Published on 25 June 2018


The carbon market will not allow Europe to reach long-term climate goals

Will the barely reformed European carbon market soon have to reinvent itself? Whatever the case, European institutions will have to think about next steps very quickly because if reform is more ambitious than expected, it will not necessarily be sufficient enough to turn the carbon market into a major lever for long-term climate objectives.

In 2017, greenhouse gas emissions decreased by 26% in sectors covered by the carbon market.

According to the latest roadmap drawn by the European Commission in 2011, the Union will have to reduce its greenhouse gas emissions by 80 to 95% (compared to 1990 levels) by 2050. The European carbon market (EU ETS) was the instrument put in place to spearhead this objective in 2005.

The carbon market, an insufficient tool

This tool is likely to be insufficient in decarbonising the economy, despite reform recently adopted and intended to remedy its dysfunctions. Or so conclude the results of the second edition of "2018 State of the EU ETS", conducted by I4CE, Ecoact, Nomisma Energia, Wegener Center at the University of Graz, International Centre for Trade and Sustainable Development (ICTSD) and the European Roundtable on Climate and Sustainable Transition (ERCST).

To date, the 2020 emission reduction target for industry players covered by the carbon market (energy and highly emitting industrial companies, i.e. more than 10,000 facilities) has already been reached since 2016. In 2017, emissions already decreased by 26% compared to 2005. And the authors of the report remain optimistic for the 2030 targets (a 40% reduction), even though emissions have started to go up for the first time in 2017. It is "difficult to know if this is the beginning of a trend”, says Jean-Yves Caneill, senior advisor to ERCST.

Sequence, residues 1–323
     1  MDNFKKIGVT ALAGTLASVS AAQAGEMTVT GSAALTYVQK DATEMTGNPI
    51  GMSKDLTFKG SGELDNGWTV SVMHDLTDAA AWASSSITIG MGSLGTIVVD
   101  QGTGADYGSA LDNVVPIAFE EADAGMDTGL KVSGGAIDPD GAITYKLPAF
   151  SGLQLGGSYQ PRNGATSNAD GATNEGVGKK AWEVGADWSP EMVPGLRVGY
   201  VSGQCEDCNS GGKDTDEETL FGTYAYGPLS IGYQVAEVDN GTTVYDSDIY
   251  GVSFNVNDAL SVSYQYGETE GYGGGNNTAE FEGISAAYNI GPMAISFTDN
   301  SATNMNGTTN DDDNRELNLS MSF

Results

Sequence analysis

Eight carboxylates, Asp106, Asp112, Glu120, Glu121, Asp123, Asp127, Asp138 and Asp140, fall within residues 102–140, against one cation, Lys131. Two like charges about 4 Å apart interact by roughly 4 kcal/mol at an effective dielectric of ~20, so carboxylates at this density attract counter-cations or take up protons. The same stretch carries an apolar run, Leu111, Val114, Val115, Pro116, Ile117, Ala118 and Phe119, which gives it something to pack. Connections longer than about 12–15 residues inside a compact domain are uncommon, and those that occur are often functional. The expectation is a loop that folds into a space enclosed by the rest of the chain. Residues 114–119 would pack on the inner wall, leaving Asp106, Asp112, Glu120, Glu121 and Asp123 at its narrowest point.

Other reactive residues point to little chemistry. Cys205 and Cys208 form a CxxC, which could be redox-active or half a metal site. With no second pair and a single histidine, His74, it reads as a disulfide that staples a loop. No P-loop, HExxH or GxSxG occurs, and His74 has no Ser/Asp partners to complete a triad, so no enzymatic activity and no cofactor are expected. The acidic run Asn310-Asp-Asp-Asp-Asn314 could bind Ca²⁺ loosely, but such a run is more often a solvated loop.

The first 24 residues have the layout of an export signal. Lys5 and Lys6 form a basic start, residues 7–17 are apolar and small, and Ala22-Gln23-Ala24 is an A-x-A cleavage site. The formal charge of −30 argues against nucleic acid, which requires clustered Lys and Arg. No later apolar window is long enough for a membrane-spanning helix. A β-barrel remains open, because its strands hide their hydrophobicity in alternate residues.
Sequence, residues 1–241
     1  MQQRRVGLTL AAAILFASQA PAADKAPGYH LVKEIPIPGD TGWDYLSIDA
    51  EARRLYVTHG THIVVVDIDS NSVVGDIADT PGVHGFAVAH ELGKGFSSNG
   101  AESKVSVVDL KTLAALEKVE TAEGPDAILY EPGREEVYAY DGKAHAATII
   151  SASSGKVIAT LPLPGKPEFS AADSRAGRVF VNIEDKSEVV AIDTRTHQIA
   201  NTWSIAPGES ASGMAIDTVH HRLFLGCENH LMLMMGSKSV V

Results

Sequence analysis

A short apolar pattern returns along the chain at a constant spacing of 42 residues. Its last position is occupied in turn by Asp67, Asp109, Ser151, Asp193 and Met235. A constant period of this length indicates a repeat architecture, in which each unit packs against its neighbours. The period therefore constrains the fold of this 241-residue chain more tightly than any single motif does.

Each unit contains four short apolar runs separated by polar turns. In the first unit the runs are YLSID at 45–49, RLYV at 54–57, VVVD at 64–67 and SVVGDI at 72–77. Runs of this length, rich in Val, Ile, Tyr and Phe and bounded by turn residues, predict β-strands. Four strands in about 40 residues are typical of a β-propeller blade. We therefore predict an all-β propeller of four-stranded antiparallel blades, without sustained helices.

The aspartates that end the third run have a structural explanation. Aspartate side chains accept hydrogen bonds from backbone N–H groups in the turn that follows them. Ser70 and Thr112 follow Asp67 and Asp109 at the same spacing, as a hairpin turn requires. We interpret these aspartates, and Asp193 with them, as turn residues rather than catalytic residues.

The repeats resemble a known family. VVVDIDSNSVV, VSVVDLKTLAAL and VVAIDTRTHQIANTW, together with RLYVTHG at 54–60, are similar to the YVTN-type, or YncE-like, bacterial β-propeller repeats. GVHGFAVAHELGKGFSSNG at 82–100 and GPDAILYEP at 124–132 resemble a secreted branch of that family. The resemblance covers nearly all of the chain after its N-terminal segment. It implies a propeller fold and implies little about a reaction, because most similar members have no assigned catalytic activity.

But several signals send warning signs of a darker future. According to the study, if emissions reductions have already reached such a level, it is not necessarily thanks to the allowance market. Other factors, such as European or national regulations, particularly those concerning coal, or the introduction of carbon pricing at the national level, such as the UK carbon floor price, are more likely responsible for the decrease.

Heightened climate objectives for the EU

In the case of electricity producers, it is the development of renewable energy that is identified as the main factor in reductions according to the report, namely -23%, or 300 MtCO2. The impact of these new energy sources is much greater than that of the carbon market.

In addition, measures taken for the next phase of the carbon market (2021-2030) may be insufficient. The annual emission reduction factor has indeed been set at 2.2%, which, according to the study's calculations, leads to an 85% reduction in emissions in sectors covered by the carbon market by 2050 (compared to 2005). This is below the 90% reduction objective detailed in the 2011 roadmap.

"The gap may seem anecdotal, but it has a significant impact on the allowance price," says Caneill. It is still low, around €15 per tonne, when the authors of the study estimated that a price "well above €40 per tonne of CO² was needed" to achieve these long-term goals.

This should be reviewed soon as they are probably on the rise. The EU's new strategy for a long-term reduction of EU greenhouse gas emissions is expected by the end of this year.

Béatrice Héraud @beatriceheraud

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